with The Bellwether Syndicate and Helen Money
Reggies in Chicago
Can’t get much better, and much more pleasing to the ears than seeing and photographing David Eugene Edwards and his band Wovenhand performing live, and have local act William Faith and his band The Bellwether Syndicate opening for Wovenhand as well.
David Eugene Edwards has earned a reputation both through his recordings and performing live, an unmistakable and mythical vibe of enduring transcendence.
You truly can’t classify this guy. His music incorporates a true southern gothic gospel boogie, apparent from his living for years in Elktooth Colorado, steeped in Native American folklore and ambience.
Even that statement doesn’t hold the variances that come forth in regards to Wovenhand, since you have to add the unending commitment to deep down Christian beliefs influencing most of the lyrical imagery, and questioning everything.
It’s not Christianity down your throat and utterly getting out of dodge.
Wovenhand and David Eugene Edwards are the exact opposite.
It’s a push, a reminder, to not have contempt prior to investigation.
Wovenhand, with brilliant and headstrong music, lyrically deal with pain, utter conflict, faith and redemption, and a nourishing belief in community and trust.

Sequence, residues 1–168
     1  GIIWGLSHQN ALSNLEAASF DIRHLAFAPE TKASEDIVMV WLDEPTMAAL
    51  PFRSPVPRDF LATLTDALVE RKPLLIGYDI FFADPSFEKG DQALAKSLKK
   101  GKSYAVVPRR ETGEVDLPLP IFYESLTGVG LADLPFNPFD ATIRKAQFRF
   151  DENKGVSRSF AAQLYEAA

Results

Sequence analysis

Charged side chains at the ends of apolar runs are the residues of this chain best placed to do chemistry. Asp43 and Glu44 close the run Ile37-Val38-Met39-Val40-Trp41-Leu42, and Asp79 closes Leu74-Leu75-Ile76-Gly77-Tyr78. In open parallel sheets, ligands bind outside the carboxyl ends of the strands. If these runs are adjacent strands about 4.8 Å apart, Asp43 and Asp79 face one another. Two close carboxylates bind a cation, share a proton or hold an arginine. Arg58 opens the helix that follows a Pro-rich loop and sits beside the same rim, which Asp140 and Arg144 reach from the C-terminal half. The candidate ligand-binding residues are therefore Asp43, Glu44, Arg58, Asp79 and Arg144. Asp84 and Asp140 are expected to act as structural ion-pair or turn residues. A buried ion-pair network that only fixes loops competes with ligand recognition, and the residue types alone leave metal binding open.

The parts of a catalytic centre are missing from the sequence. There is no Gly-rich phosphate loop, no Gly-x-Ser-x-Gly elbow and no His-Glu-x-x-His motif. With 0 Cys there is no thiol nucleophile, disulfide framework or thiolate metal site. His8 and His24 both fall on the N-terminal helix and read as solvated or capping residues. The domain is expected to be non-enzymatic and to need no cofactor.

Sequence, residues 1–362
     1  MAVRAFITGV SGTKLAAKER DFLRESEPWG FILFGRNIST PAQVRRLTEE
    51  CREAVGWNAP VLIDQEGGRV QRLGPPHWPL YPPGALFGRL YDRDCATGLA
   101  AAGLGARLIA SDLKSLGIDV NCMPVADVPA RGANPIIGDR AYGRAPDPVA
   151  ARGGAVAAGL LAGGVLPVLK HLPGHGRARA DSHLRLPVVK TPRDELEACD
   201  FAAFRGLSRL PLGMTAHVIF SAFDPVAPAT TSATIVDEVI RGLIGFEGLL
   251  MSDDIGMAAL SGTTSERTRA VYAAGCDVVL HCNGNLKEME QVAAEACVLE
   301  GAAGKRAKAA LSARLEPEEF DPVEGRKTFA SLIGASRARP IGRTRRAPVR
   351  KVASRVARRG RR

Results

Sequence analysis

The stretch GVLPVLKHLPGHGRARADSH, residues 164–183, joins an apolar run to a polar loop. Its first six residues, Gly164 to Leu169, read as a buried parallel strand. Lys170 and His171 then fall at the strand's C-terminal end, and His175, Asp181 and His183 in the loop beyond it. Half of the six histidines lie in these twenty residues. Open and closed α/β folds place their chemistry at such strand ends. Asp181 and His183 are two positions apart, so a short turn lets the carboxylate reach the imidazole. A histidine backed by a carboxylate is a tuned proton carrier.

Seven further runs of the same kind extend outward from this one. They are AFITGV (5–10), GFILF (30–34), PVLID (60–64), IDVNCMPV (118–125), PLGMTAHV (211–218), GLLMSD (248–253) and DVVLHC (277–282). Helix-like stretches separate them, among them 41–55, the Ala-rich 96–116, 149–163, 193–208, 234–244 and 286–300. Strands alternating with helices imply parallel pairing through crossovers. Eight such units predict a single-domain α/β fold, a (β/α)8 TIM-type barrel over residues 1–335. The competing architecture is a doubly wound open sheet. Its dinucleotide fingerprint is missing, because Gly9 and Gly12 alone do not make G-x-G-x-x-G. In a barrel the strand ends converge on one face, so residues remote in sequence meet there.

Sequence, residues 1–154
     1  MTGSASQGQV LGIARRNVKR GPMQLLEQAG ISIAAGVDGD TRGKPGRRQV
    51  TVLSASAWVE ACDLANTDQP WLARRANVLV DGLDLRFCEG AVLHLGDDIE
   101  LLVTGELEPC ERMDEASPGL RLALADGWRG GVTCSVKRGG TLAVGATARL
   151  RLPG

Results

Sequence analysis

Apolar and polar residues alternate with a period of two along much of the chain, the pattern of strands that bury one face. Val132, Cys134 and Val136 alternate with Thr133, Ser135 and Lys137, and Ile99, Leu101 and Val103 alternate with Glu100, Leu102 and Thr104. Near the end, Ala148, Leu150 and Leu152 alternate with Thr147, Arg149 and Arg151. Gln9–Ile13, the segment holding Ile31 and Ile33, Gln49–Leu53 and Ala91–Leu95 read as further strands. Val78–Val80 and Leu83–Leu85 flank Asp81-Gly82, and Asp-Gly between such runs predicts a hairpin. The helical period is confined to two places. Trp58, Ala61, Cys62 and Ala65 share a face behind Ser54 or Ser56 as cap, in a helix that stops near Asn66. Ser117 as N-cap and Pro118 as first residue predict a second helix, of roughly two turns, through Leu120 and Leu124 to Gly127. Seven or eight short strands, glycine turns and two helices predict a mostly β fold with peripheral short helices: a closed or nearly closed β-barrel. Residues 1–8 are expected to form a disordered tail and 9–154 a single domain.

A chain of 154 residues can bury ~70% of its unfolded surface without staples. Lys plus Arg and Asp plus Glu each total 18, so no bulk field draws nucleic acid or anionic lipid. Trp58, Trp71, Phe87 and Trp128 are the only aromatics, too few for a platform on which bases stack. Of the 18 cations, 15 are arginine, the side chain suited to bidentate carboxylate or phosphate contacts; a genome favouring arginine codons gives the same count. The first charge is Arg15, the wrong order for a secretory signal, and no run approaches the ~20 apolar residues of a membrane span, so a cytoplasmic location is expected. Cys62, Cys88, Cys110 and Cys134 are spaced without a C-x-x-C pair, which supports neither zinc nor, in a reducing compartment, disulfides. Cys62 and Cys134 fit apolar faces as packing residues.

I can’t say this about most bands, and it’s rare indeed to have this deep down connection in this present and oh so chaotic day and age.
If ever there was a time for more and more David Eugene Edwards and Wovenhand, it’s certainly now.
And to have Wovenhand on the road regularly is truly a lucky thing, reminding us of the beauty in special rock n’ roll bands, and witnessing said band perform live.
Wovenhand are always brilliant, no matter the size of the venue they’re playing in.
Opening for Wovenhand were William Faith and Sarah Rose of the Bellwether Syndiacte: an oh so brief set, but captivating nevertheless, since it’s been ages since we’ve seen them perform in Chicago.
Stiil a band with style and substance front and center, with that dominating presence of William Faith stoking the audience with a dynamic performance of passion and honest fortitude.
It’s a powerful and commanding performance by the quartet, although bathed in lots of red light throughout (which is technically a photographer’s nightmare), but no matter.
I love these guys, and any chance to photograph William Faith and Co. is always a good thing.
To have William Faith and The Bellwether Syndicate end their show with Faith and the Muse’s “The Trauma Coil” just adds to the unsettled mix of beauty and might: a song to withstand almost anything that comes your way.
Los Angeles based Helen Money, a brilliant cellist and composer, opened the show with her otherworldy sonic explorations with her electrified cello and elaborate soundscapes.
All n’ all, a wonderful evening with some captivating artists.
Cheers- Bobby Talamine – Music Photographer